Foreign Policy Watch: India-Pakistan

Pakistan allows import of cotton, sugar from India


From UPSC perspective, the following things are important :

Prelims level: Not Much

Mains level: India-Pakistan Trade

Partially reversing a two-year-old decision to suspend all trade with India, Pakistan recently announced that it would allow the import of cotton and sugar from across the border.

Ever wonder why the neighbour next door suddenly wants to normalize all ties? Read this edition of ours:

India-Pakistan trade relations

  • Trade between the subcontinental neighbours has always been linked to their political interactions, given their tumultuous relationship.
  • For instance, India’s exports to Pakistan dropped by around 16 per cent to $1.82 billion in the 2016-17 financial years from $2.17 billion in 2015-16.
  • This coincided with the rise in tensions between the two countries following the terrorist attacks in Uri in 2016 and the surgical strikes by India against Pakistan-based militants.

How much is the volume of trade?

  • Trade between the two countries grew marginally in subsequent years despite continuing tensions.
  • India’s exports to Pakistan increased to nearly 6 per cent to $1.92 billion in 2017-18, and by around 7 per cent to $2.07 billion in 2018-19.
  • Imports from Pakistan, though much lower than India’s exports to the country, also increased by 7.5 per cent to $488.56 million in 2017-18 from $454.49 million in 2016-17.
  • Growth of imports from Pakistan slowed to around $494.87 million in 2018-19 — an increase of around 1 per cent — before political relations between the two countries took a turn for the worse in 2019.

Why did Pakistan ban trade with India?

  • Pakistan’s decision to suspend bilateral trade with India in August 2019 was primarily a fallout of India’s decision to scrap Article 370.
  • Pakistan called the move “illegal”, and took this trade measure as a way of showing its dissatisfaction.
  • However, an underlying reason for suspending trade between the two countries was also the 200 per cent tariff imposed by New Delhi on Pakistani imports.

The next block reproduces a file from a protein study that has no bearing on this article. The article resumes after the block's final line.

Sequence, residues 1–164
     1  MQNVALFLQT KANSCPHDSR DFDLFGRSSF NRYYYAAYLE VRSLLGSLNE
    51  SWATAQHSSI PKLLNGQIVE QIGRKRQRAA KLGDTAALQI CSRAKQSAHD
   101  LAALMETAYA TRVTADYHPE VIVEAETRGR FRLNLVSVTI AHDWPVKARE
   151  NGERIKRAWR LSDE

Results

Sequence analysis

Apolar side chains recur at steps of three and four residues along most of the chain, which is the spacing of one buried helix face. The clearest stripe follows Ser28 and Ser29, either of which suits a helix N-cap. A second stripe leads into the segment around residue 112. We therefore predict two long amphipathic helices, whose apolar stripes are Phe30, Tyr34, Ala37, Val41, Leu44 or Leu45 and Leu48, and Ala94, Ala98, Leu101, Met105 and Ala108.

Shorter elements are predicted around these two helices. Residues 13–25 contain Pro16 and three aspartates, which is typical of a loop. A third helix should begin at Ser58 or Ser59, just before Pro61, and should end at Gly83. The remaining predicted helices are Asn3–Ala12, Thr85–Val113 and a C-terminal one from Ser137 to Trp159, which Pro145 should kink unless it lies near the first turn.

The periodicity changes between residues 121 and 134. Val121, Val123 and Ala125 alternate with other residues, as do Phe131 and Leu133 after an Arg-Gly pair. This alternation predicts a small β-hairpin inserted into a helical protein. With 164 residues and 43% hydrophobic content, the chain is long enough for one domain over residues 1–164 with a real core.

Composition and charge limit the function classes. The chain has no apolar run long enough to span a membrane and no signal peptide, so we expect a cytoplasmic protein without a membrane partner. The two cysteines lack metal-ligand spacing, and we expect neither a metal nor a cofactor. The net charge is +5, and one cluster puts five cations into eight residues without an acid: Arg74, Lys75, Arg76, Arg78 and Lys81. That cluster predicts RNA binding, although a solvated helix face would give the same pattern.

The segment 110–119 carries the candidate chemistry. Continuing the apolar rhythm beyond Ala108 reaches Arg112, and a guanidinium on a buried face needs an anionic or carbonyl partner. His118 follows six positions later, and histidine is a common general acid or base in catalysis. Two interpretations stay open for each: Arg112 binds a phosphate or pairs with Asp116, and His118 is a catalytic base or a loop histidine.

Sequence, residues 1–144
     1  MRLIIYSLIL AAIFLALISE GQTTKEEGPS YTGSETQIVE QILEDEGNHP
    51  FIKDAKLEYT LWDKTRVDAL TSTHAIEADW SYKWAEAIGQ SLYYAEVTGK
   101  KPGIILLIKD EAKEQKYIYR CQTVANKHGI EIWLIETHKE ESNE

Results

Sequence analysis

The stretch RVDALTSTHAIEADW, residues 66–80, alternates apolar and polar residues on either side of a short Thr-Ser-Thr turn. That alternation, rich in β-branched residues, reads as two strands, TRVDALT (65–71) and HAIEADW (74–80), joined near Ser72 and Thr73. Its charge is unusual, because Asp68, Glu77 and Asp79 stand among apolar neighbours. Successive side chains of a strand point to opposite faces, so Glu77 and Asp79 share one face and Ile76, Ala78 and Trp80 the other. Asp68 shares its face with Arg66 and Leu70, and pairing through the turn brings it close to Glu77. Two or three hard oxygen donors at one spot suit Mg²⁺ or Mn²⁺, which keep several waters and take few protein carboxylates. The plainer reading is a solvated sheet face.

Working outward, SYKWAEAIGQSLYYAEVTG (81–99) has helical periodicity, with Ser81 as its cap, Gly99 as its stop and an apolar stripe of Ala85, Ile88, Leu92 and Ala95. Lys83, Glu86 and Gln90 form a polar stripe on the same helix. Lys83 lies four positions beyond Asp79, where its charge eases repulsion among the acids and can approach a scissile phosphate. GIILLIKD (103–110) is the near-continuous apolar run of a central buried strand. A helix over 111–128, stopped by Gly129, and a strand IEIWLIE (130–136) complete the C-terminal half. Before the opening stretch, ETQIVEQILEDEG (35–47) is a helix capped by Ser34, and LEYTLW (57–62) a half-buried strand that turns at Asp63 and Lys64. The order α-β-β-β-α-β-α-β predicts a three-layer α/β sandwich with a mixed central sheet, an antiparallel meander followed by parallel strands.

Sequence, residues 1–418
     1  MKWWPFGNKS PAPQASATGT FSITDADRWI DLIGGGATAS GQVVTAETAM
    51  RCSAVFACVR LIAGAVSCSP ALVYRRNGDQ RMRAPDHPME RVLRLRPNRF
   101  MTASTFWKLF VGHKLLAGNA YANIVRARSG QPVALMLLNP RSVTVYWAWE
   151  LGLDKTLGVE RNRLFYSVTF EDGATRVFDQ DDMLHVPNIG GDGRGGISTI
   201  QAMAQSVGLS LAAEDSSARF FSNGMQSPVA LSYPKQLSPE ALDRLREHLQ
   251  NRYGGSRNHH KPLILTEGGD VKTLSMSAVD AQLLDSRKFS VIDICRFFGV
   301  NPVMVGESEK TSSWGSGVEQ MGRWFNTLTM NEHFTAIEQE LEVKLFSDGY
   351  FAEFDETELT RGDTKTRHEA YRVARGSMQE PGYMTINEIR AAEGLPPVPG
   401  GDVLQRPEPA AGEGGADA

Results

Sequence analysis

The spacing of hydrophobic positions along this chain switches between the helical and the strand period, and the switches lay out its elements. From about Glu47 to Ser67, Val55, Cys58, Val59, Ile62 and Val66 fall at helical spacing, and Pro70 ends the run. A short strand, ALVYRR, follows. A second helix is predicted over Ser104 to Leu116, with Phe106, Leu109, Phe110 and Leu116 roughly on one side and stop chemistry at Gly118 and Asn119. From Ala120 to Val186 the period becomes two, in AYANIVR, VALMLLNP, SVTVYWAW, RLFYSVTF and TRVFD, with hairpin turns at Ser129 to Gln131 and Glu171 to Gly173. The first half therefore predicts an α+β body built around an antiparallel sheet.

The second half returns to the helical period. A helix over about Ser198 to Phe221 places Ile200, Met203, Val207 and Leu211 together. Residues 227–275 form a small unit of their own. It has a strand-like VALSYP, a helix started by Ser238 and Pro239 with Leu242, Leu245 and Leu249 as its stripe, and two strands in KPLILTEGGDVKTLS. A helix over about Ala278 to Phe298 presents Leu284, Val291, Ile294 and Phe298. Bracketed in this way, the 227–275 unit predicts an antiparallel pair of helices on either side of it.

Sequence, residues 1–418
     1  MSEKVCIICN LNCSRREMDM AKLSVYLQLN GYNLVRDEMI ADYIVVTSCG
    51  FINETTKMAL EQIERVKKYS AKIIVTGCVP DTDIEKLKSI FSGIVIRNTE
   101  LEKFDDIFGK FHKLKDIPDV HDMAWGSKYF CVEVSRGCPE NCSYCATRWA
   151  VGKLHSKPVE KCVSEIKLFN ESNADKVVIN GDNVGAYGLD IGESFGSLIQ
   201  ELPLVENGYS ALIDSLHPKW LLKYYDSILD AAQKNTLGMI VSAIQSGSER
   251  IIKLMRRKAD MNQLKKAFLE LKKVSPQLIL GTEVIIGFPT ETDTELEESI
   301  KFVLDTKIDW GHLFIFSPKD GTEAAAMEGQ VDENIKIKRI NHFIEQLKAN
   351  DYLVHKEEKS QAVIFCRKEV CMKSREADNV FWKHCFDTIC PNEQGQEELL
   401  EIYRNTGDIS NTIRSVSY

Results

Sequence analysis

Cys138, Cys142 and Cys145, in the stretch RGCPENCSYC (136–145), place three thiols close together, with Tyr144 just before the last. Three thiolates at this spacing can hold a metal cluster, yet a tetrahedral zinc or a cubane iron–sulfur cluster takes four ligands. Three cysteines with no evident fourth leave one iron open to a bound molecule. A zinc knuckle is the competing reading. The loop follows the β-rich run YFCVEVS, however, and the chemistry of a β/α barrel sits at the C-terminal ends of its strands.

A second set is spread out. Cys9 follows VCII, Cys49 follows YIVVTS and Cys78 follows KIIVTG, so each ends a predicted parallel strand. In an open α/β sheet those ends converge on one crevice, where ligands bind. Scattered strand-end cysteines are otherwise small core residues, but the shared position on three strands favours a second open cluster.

• This was a move that India implemented earlier that year after revoking its status as a Most Favoured Nation following the suicide bomb attack on the CRPF in Pulwama.
  • Pakistan’s announcement, coupled with India’s decision to revoke its MFN status and hike duties on its goods, was considered by some experts to be one of the most drastic measures ever taken in diplomatic tensions.

Why is Pakistan allowing cotton and sugar import now?

  • Textiles from Pakistan are its value-added export.
  • The proposal to lift the ban on cotton imports came in the backdrop of a shortfall in raw material for Pakistan’s textile sector, which has reportedly been facing issues due to a low domestic yield of cotton in the country.
  • On top of this, imports from other countries like the US and Brazil have reportedly been more expensive and takes longer to arrive in the country.

Why only these two commodities?

  • Even when we had a very small positive list (of goods for trade with Pakistan), agricultural commodities were always there in the list.
  • Cotton has been one of Pakistan’s major imports from India. In 2018-19, Pakistan imported $550.33 million worth of cotton from India.
  • When coupled with $457.75 million worth of organic chemicals, these products made up around half of its total imports from India.
  • Where sugar is concerned, trade experts feel it is a result of a long-standing interdependence between India and Pakistan over such agricultural commodities and a potential shortage in domestic supply.
  • If finally approved, cotton and sugar would be the second and third commodities allowed for export from India after Islamabad lifted the ban on medicine and related raw material imports during the Covid-19 pandemic.

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